Take advantage of this layout

Now that the design is completely chalked out, you can adjust the intersections depending on the client.

First, you can leave them just the way they are where you have 2-foot tiles and 4-inch tiles with borders traveling through. This is a great look and easy to cut. It is also easy to stain because you have so many stopping points (see fig.3 & 4).

Second, you can erase every other direction of the lines. This will create a basket weave on the floor. Still a great look and still easy to stain (see fig.5 & 6).

Third, you can erase all the intersections. This will make the borders appear to be one very long border through the space. It is a very contemporary look but staining gets complicated because you have no stopping points (see fig.7 & 8).

Finally, you can have fun with the fourth design idea. After erasing all the intersections, you can add an extra line in two directions and make the tiles appear 3-D. If you choose to add this extra border, you need to understand the best point of view for it as the 3-D illusion will look different from every direction.

You want to take advantage of the direction that will be seen the most. Many times if the surface is outside, I create the 3-D effect toward the house so when the clients look out their windows and doors they see the tiles dropped.

Once I did the reverse and it was really cool. When the clients were in their pool, they saw dropped tiles. When they were in their house looking outside, the tiles appeared to rise.

I suggest walking through all of this with your clients once you draw the initial layout. It’s fun to see their reactions when you erase lines and change the entire design in seconds. You can also add them right back if they choose the original layout.

Add the 3-D lines

At this point, once you decide the 3-D direction, you can chalk out all the 3-D lines. Typically, I make them half the size of the main borders. Since we have 4-inch borders, let’s make 2-inch 3-D borders.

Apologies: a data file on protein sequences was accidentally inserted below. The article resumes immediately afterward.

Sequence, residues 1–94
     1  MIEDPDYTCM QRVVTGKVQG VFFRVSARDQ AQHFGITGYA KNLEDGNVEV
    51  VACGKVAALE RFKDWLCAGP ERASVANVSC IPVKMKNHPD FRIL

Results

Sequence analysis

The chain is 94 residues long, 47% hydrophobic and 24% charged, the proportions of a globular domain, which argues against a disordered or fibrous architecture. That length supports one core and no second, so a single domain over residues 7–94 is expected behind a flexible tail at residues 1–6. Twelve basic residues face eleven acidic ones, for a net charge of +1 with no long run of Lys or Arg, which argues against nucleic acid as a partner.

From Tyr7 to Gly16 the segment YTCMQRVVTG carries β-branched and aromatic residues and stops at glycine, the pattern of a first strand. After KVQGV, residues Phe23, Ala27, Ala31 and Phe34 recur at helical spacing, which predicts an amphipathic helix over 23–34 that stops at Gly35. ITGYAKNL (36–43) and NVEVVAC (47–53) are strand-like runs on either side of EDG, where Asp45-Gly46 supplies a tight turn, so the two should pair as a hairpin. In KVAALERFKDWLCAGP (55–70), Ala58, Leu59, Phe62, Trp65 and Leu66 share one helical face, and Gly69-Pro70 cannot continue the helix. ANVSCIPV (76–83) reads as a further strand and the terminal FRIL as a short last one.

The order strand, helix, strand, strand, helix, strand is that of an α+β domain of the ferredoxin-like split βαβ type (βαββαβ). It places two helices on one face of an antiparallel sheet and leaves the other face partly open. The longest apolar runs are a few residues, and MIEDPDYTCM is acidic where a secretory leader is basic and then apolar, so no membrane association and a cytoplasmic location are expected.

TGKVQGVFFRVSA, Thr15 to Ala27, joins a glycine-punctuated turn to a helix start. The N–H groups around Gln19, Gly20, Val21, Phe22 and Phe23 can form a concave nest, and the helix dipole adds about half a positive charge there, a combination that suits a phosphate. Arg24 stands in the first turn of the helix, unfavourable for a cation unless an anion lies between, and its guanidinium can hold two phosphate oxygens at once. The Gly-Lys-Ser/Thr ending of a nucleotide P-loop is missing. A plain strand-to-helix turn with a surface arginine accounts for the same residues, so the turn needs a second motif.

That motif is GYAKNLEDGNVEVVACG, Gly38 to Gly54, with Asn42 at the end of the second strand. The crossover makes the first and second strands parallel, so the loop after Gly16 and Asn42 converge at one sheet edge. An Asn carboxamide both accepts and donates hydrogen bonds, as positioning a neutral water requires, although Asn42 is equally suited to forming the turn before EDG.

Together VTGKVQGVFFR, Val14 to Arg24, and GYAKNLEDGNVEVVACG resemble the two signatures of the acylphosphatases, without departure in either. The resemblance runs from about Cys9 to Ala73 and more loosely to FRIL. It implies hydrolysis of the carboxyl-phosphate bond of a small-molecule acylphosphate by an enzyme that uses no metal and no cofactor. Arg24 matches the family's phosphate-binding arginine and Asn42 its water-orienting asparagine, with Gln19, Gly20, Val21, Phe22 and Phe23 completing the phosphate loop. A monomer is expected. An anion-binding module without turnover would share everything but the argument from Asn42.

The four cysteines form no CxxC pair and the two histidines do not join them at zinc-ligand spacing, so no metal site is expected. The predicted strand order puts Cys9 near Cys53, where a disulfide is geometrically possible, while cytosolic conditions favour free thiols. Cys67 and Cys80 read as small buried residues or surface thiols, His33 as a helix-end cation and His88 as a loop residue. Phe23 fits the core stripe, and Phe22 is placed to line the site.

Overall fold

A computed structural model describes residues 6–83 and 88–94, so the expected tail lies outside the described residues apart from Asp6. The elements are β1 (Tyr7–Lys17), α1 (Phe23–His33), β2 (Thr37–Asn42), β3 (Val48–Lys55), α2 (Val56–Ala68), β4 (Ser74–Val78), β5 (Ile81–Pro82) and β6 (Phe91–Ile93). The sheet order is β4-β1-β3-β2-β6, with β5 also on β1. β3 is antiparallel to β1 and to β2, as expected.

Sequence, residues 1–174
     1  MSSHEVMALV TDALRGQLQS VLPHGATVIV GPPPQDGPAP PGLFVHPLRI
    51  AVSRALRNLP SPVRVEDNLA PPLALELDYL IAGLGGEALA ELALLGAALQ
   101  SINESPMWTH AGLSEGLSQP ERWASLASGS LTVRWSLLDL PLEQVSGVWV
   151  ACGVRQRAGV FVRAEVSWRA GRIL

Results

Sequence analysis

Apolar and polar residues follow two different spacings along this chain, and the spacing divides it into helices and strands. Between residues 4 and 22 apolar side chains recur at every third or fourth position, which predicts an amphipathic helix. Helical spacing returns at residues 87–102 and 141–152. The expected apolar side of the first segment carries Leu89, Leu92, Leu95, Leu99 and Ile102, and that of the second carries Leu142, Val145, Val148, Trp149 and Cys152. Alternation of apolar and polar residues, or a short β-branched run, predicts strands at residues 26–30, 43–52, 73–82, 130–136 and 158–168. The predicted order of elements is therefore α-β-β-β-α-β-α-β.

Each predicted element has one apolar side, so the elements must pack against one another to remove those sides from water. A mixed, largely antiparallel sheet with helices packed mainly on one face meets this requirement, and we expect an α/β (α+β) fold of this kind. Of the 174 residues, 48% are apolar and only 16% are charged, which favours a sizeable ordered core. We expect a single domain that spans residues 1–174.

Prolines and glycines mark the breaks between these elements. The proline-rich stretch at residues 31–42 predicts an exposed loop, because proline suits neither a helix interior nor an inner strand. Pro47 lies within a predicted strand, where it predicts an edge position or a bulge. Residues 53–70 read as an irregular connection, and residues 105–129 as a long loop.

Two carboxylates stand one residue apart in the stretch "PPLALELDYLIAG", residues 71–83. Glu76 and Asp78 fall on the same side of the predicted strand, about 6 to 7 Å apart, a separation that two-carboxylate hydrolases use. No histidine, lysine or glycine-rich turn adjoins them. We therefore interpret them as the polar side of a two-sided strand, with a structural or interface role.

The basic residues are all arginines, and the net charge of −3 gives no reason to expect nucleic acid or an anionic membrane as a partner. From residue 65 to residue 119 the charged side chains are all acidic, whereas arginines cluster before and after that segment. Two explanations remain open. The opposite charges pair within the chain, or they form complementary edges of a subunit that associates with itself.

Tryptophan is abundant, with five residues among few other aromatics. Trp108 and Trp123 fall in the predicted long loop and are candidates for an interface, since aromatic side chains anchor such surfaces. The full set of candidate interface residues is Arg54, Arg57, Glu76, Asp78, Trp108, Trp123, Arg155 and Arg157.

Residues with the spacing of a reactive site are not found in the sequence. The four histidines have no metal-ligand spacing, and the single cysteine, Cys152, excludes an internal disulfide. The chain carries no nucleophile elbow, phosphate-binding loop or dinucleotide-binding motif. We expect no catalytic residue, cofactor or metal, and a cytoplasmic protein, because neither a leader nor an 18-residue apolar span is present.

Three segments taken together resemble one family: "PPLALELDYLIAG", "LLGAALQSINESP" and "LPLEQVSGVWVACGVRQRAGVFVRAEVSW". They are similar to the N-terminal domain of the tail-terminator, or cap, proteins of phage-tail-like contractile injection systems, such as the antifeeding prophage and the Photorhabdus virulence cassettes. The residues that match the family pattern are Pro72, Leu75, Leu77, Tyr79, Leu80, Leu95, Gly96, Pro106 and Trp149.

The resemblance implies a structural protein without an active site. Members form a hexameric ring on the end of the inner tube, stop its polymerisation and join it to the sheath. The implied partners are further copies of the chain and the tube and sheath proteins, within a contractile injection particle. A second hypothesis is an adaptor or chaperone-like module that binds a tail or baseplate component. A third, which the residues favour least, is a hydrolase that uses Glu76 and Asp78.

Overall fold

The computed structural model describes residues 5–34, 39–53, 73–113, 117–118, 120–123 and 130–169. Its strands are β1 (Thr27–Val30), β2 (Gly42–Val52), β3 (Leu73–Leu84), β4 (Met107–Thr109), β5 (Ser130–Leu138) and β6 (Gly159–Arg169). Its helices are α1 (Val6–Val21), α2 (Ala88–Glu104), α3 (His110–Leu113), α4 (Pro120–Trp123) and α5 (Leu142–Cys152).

Measure 2 inches off one direction of each border, starting in the middle so you can see what you’re making. Consider your borders as having an inside and outside edge and you’re chalking an extra line on all the inside edges. This will help you remember the direction you’re visualizing.

After you chalk all those out, erase every line that crosses your 4-inch borders and the small ones that cross the 2-inch borders you made. Use the intersections of the inside corner of the 4-inch border and the outside edge of the 2-inch 3-D border and make a small line. This final line will sell the 3-D aspect of the floor to your clients.

Once you do that in every intersection of the 2-inch borders, you’re done and ready to cut. Good luck on that part. All the times you have to start and stop might drive you crazy but remember the final look will be amazing and your clients will love it.

For a video overview of this process, see youtu.be/qZpf8nvqhwE

Rick Lobdell, a classically trained artist with a master s in fine arts in painting from the Savannah College of Art and Design, has also studied math and drafting. In this series, the owner of Concrete Mystique Engraving in Tennessee will explain how he lays out his well-known designs. He can be reached at rick@concretemystique.com.